Quotes from Col. William Byrd's diary again add color. Concerning his September 1732 visit to Col. Henry Willis, he noted: "It happened to be court day here, but the rain hindered all but the most quarrelsome people from coming. The Colonel brought three of his brother justices to dine with us, namely John Taliaferro, Major {John} Lightfoot, and Captain {Robert} Green....". [149] The latter three Gentlemen owned significant land in what would become Orange County and would be appointed Justices for the first Orange Court in early 1735. [148]

Continuing his horse ride home, two days later Col. Byrd visited Major Ben Robinson, Clerk of Court, for Caroline County. Of this visit he wrote "....the Major received us with his usual good humor. He has a very industrious wife, who has kept him from sinking by the weight of gaming and idleness. But he is now reformed from those ruinous qualities and by the help of the Clerk's place in a quarrelsome county will soon be able to clear his old scores {debts}."

Byrd described the following morning: "After that, Ben Robinson ordered his East Indian to conduct me to Colonel Martin's. In about ten miles we reached Caroline {county} courthouse, where Colonel Armistead and Colonel Will Beverley have each of 'em erected an Ordinary well supplied with wine and other polite liquors for the worshipful bench {justices}. Besides these, there is a rum ordinary for persons of more vulgar taste. Such liberal supplies of strong drink often make Justice nod and drop the scales out of her hands." [150] Note: that the Clerk of Court for Caroline County lived ten miles from the courthouse.

Attending the legal proceedings - as important as they were - was not the only reason men gathered for the court’s two day session each month. There was business to conduct, sales and loans to be made, games to watch and participate in and the activities of the Ordinary: comradery, telling stories, drinking, making boasts and toasts, games of dice and playing cards and rough wrestling.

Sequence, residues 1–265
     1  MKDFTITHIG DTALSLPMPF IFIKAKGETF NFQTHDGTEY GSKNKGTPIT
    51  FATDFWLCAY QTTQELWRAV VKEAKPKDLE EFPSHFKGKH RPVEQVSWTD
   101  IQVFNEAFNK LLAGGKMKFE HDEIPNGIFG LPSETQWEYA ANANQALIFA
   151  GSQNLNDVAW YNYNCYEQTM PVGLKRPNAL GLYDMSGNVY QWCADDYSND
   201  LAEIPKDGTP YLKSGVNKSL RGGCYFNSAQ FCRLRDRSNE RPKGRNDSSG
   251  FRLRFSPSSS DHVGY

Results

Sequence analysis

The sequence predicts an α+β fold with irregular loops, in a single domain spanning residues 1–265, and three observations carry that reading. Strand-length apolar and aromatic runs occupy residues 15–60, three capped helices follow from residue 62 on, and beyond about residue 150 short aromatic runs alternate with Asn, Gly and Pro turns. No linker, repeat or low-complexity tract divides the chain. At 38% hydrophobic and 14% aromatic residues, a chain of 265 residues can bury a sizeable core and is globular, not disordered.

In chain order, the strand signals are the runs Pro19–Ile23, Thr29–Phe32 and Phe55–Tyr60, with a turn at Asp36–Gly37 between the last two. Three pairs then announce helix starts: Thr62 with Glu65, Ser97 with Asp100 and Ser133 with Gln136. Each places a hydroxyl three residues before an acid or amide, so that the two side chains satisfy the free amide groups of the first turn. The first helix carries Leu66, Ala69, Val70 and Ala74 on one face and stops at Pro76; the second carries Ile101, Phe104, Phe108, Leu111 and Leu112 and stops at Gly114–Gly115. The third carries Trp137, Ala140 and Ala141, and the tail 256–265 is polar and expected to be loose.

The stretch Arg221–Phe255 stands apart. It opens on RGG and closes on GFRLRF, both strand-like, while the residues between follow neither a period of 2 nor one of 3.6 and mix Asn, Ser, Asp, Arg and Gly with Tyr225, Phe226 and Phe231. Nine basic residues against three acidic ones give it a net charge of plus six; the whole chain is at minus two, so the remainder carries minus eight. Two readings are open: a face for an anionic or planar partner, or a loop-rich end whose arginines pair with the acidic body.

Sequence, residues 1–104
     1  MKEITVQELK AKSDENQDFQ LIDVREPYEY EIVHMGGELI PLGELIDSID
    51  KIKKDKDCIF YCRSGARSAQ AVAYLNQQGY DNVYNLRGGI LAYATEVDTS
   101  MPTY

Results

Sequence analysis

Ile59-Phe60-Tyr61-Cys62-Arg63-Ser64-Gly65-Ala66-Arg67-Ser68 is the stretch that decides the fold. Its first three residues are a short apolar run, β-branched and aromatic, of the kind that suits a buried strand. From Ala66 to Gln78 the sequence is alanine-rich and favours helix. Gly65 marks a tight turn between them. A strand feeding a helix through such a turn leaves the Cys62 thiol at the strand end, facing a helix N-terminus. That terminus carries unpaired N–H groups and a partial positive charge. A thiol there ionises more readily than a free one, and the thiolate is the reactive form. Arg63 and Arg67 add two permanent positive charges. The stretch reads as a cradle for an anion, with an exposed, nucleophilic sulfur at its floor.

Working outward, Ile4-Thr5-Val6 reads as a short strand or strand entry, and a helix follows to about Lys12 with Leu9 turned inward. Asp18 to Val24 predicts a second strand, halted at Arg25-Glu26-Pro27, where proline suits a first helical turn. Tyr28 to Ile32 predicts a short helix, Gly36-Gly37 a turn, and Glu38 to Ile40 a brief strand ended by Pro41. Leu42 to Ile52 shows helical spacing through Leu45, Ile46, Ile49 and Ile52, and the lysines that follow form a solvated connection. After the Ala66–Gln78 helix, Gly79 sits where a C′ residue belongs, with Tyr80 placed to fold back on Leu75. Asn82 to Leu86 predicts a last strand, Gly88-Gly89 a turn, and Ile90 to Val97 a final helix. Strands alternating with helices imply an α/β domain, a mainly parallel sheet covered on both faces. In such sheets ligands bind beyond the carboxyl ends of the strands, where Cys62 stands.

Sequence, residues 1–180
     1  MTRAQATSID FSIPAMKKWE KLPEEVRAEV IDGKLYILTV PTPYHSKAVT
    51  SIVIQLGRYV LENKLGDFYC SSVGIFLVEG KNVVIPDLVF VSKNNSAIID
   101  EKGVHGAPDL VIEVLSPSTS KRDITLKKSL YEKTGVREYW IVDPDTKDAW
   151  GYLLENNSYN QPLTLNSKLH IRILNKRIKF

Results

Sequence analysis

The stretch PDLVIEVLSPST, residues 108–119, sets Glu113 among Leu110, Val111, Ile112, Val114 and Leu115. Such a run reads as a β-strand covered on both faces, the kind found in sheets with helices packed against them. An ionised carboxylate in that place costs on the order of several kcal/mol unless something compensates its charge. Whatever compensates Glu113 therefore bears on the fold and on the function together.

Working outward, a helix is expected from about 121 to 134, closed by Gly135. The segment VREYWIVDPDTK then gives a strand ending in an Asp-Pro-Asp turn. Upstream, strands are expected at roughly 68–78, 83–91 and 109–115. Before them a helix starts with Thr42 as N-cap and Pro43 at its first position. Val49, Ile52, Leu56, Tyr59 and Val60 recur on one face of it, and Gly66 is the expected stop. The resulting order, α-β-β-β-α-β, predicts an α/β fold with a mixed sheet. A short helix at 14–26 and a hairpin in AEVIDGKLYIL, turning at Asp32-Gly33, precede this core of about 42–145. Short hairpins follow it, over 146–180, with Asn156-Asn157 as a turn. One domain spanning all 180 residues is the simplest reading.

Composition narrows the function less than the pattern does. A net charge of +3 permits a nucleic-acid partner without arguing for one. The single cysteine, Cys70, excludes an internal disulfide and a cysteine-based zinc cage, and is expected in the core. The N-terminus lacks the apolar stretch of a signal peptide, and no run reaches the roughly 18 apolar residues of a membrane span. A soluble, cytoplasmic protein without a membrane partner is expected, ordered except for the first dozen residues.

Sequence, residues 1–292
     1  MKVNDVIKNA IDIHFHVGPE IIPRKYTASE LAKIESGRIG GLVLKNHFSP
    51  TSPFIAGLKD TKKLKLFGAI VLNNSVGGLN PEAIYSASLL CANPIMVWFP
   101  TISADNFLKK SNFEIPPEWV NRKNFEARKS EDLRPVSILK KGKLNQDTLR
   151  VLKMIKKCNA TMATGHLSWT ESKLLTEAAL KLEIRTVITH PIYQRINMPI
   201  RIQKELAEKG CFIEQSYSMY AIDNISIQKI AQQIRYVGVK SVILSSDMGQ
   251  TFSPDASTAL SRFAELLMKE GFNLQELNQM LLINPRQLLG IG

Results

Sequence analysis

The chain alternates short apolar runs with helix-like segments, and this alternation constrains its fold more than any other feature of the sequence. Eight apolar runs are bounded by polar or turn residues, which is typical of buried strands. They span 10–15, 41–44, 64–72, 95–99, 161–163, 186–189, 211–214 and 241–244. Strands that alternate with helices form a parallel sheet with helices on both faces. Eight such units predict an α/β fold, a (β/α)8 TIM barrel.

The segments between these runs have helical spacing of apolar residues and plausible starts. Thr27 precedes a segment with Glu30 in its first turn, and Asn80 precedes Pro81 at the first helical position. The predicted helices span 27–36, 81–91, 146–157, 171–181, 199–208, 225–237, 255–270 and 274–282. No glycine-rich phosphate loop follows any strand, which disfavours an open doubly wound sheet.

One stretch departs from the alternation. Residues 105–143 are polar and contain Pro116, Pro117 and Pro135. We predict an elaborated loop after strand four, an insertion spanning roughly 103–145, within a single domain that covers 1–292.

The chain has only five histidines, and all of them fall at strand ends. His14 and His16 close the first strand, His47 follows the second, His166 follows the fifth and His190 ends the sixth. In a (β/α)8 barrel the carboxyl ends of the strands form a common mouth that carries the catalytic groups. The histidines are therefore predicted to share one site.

In the wealthier, more established Tidewater counties of the Colony of Virginia, horse races especially the uniquely Virginian "quarter race" were a big attraction. Straight quarter mile race courses were prepared near the courthouse for such events. [144] Cock fights were popular in every county. [145] Wagering was active for all these events.

Rhys Isaac describes a "quarter race":

"At the start the two riders were accustomed to jockey for position, and when the starter’s signal sent them hurtling at full gallop down the narrow track, each might be free (depending on the agreed rules) to use whip, knee, or elbow to dismount his opponent or drive him off the track......These race meetings customarily adjourned to the nearby Ordinary, where participants were further entertained by bouts of ferocious wrestling....." [146]

Driver Winning the First Heat, August 1754 by Richard Roper, circa 1754
(Mr. Paul Mellon, private collection, on loan to the Virginia Museum of Fine Art)
Painting of Virginian Quarter Race